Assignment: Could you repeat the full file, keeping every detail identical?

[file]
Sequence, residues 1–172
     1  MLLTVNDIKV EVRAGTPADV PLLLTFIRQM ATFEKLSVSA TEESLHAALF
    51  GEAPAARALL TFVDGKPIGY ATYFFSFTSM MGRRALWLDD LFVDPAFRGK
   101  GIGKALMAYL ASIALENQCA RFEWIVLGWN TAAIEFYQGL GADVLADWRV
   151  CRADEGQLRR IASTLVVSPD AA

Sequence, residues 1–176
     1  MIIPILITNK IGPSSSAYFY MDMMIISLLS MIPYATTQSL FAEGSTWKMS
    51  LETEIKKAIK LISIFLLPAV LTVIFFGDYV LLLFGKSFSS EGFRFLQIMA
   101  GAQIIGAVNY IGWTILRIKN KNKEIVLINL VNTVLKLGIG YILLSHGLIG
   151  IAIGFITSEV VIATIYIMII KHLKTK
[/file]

Sequence, residues 1–172
     1  MLLTVNDIKV EVRAGTPADV PLLLTFIRQM ATFEKLSVSA TEESLHAALF
    51  GEAPAARALL TFVDGKPIGY ATYFFSFTSM MGRRALWLDD LFVDPAFRGK
   101  GIGKALMAYL ASIALENQCA RFEWIVLGWN TAAIEFYQGL GADVLADWRV
   151  CRADEGQLRR IASTLVVSPD AA

Sequence, residues 1–176
     1  MIIPILITNK IGPSSSAYFY MDMMIISLLS MIPYATTQSL FAEGSTWKMS
    51  LETEIKKAIK LISIFLLPAV LTVIFFGDYV LLLFGKSFSS EGFRFLQIMA
   101  GAQIIGAVNY IGWTILRIKN KNKEIVLINL VNTVLKLGIG YILLSHGLIG
   151  IAIGFITSEV VIATIYIMII KHLKTK